“Gusto Kong Maging Beauty Queen (GKMBQ)” is changing the way how a beauty queen is thought to be. Airing Saturdays from 10:30 to 11:30 a.m. on Studio 23, this unique reality game show is looking to be one of the city’s most entertaining beauty queen competitions in recent years.
“GKMBQ is a vehicle of women empowerment. The show will enable finalists to find out about their full potential and improve themselves using the tools that are given in the show’s workshops and challenges,” says Charo Soriano of Samsara Entertainment Productions, Inc., show producer.
: Air Paz
An inspirational reality search, beauty makeover, and beauty pageant all rolled into one GKMBQ aims to find that one extraordinary-looking Filipina who embodies traits worthy of being crowned a ‘beauty queen’. The show is hosted by Angel Jacob. Resident judge and mentor are Ms. World 2011 1st Princess Gwendolyn Ruais, and A-list producer Mike Carandang of America’s Next Top Model.
Darlene Pearl Anderson
Eleven finalists have been chosen to compete: Air Paz, Japo Parcero, Pam Velasco, Gillien Camino, Racquel Ramachandra Raja Gopal, Darlene Pearl Anderson, Alora Sasam, Marlene-Velasco Depi, Karen Navarro, Shierleen Humphries, and Kat Taylor.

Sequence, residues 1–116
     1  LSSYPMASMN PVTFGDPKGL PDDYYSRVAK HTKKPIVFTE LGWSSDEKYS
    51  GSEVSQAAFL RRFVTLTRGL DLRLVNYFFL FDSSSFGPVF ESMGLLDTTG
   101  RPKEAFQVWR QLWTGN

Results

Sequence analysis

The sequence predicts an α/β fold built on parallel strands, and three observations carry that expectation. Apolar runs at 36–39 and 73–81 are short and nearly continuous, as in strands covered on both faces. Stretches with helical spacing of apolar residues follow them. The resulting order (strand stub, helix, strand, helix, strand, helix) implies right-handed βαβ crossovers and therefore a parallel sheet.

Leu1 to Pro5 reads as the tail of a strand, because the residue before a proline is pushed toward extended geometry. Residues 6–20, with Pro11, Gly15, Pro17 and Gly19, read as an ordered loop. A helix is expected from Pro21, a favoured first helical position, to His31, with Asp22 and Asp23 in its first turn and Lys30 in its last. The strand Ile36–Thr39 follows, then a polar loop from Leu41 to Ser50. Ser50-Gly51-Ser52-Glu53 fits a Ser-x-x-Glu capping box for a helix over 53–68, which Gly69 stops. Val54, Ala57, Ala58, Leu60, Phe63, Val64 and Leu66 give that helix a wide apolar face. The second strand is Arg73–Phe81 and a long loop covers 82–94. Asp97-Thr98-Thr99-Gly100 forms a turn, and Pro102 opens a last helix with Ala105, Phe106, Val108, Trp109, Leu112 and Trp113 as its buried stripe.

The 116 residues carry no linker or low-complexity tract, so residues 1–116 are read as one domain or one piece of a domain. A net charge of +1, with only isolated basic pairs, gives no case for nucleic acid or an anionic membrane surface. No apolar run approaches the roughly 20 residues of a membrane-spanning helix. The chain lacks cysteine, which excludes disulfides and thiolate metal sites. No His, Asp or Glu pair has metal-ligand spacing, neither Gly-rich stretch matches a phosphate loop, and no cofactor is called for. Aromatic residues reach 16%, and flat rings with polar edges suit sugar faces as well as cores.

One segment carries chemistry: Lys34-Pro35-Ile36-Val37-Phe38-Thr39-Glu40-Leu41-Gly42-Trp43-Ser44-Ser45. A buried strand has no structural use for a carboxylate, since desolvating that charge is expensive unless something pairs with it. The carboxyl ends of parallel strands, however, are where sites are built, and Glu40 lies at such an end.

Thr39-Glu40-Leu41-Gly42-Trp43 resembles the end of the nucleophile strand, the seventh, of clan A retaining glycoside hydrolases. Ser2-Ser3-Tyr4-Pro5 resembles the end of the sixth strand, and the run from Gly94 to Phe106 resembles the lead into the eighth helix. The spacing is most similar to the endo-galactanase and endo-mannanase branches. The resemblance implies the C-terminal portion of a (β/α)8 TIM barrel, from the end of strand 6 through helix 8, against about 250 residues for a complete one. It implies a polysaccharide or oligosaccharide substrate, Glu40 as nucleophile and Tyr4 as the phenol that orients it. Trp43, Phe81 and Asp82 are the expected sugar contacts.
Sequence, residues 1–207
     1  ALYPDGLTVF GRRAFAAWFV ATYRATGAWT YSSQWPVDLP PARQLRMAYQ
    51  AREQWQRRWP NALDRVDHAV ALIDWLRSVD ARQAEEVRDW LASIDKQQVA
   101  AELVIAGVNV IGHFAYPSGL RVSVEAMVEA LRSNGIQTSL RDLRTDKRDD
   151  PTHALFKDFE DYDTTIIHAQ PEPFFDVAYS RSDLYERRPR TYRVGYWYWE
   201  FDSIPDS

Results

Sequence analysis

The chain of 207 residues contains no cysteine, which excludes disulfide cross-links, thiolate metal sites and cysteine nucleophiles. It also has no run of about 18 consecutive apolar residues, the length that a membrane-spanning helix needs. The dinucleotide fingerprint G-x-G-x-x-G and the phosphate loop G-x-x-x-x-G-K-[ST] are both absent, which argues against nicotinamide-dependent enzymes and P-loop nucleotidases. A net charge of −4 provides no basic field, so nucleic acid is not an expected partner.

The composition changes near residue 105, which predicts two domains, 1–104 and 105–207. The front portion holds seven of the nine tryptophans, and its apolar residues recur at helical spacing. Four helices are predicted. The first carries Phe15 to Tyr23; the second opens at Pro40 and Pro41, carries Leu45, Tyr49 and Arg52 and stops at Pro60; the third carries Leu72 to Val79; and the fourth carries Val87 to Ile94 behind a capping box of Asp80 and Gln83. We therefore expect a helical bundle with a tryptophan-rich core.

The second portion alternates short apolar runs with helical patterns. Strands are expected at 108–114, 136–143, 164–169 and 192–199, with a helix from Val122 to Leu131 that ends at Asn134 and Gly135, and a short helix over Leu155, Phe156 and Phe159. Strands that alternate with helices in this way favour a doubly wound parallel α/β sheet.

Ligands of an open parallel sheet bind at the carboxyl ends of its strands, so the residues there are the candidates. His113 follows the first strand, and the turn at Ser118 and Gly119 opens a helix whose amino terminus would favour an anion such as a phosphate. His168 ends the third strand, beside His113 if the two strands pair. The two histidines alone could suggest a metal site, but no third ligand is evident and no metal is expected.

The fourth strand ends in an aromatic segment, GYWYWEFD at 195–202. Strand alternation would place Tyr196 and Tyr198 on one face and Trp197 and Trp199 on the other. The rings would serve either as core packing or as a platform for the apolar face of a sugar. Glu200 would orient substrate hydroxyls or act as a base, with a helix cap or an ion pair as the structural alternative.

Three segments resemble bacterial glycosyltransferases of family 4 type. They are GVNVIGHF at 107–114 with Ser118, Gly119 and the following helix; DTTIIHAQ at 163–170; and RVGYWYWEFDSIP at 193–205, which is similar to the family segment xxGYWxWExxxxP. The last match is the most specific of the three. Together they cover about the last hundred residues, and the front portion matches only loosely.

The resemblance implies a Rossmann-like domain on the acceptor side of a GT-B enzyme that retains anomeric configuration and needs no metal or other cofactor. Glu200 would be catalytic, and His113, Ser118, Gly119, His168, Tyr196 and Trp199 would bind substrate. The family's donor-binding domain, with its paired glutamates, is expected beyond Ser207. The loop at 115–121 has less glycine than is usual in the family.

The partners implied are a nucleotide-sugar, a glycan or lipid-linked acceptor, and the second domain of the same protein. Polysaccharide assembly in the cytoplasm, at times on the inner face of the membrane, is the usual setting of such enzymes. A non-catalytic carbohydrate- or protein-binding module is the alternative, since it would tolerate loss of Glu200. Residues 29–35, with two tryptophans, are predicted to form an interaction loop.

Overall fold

This year’s batch was chosen via go-sees, online applications and provincial audition. Their ages range from 19 to 33 and have very colorful backgrounds. “One candidate is lesbian; one has psoriasis. Another has alopecia. We also have a performer, a battered wife, a rocker, and a former wild child. As viewers watch the episodes, we want them to relate and learn from the experiences of the finalists,” reveals Charo, who is also officer-in-charge of Beverly Hills 6750, Asia’s premier multi-aesthetics institute, the show’s presenter.
Finalists will go thru various positive transformations on Physical Appearance, Personality Development, Image Enhancement, Career Development, and Goal Setting.
GKMBQ does not conform to the stereotypical appearance of a person but basically sympathizes with the person’s perception of her complete persona, adds Charo. “We recognize that beauty already exist in each on of us; we just need to draw it out. At the same time, we want to be able to convey that there’s more to beauty queens that what is normally portrayed in pageants.”